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Garland: Not Your Average (Cup of) Joe

Coffee grounds routine of Coyotes forward

by Alex Kinkopf @AEKinkopf / Arizona Coyotes

Conor Garland doesn't buy his coffee on the fly. He is more particular than that. 

In fact, he has a sophisticated palate for a cup of joe. 

Which generally is shipped in from his home state of Massachusetts.

Coffee is Garland's drink of choice, day or night.

But Garland's stats, his numbers, are far more than a "cup of coffee." They're maybe a pot -- and even more is brewing. He has 64 points (38G, 26A) in 123 career NHL games. He led the Coyotes with 22 goals last season, and has more goals (38) than any Coyote since the start of the 2018-19 season. 

"I actually don't drink alcohol," Garland said. "I never have. So, I guess that's why … coffee is my thing. Late at night, some people like to drink beer or wine, but I like to drink decaf coffee with a dessert. That's the difference. That's why I enjoy it so much. I don't really have anything else to drink."

Garland developed this specific taste early from a family-owned business. His uncle, Mike Sullivan, operates a coffee company, Harmon Coffee Micro Roasters, established in 2013 and based in Rockland, Massachusetts. 

"I'm very close with their family," Garland said. "They kind of lived near us during my childhood, so I was always over at their house. I drank coffee at a young age. So, when he started his company -- it's got to be almost 10 years; probably 10 years now -- I just loved it. We're usually there for dinner at their house once or twice a week, so we always found a way to drink it. That's really how it kind of started."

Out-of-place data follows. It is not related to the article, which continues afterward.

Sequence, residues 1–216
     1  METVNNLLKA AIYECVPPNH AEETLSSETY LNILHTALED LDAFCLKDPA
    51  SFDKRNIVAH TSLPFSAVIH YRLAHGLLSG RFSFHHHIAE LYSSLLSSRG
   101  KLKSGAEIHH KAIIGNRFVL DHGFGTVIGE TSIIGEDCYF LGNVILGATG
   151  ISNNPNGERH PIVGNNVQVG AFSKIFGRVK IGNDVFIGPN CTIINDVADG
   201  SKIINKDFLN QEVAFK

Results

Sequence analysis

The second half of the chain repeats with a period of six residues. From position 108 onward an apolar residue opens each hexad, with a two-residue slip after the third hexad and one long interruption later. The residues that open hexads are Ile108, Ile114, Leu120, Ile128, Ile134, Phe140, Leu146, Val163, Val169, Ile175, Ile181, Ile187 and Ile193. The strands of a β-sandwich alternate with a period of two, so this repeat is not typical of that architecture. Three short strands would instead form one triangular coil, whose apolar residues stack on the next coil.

When Garland receives his shipment in Arizona, it's a banana hazelnut blend, which he has shared with Coyotes teammate Phil Kessel. He lived with Kessel before the 2020 playoffs. 

("Phil has a beautiful coffee machine," Garland said. "It was in his fridge. I can't even remember what it was called. It was so nice though. It ground the beans up and everything. It was crazy, so nice.) 

When Garland is on the East Coast, he goes to a Norwell, Massachusetts, coffee shop, "Pour." They use his uncle's coffee. They prepare the perfect cup -- and, of course, it's banana hazelnut, too. And iced. 

"Extra ice and extra cream," he said. "It's just so good. It's hard to describe the taste, it's got a good aftertaste, a good taste."

The cream is an important addition. 

"Off-season," Garland said, "A lot of cream. No sugar." 

People familiar with New England know that "Dunkin'" dominates the coffee scene. But not for Garland. 

"I don't go to 'Dunkin'' anymore because I've had (my uncle's) coffee," he said. "I can taste the difference. It's so good that when I drink something else, it doesn't do the trick." 

In the Valley, Garland's coffee cafe choice is Black Rock Coffee Bar.

"It's near the Ice Den," Garland said. "Me, (Clayton Keller) and (Nick Schmaltz) sat there and we had lunch, one day. Most of the reasons I go to sit and have a coffee in the summer is just to have somebody with you. Me and my trainer like to drink coffee, sit there and talk. So, that's usually what we're doing, and that's something everybody drinks. I do like that environment, sitting and talking. That's probably why I get along with Kells and Schmaltzy so well, because we all just like sitting and talking. That's why we gravitate toward that." 

In fact, coffee for Garland is not just a beverage choice, it's part of his routine.

And Garland considers himself a stickler for routine.

"On the way to the rink for morning skate," he said. "I like to drink it in the car. I'll have another one on the way to the game. And then one more when I'm at the rink, right before our team meeting at 5:30. I'll drink one at like 5:15. I'll drink it, and then I know I'm going to the trainer's room to chat it up. I know I'm going to grab it -- and then I'll talk to (head athletic trainer Dave Zenobi) and (assistant athletic trainer Don Fuller) about something. I'll bug them for a bit. I know I am getting my coffee, so I can sit there and chat. There's always a reason I'm doing it. That's how it fits into my routine."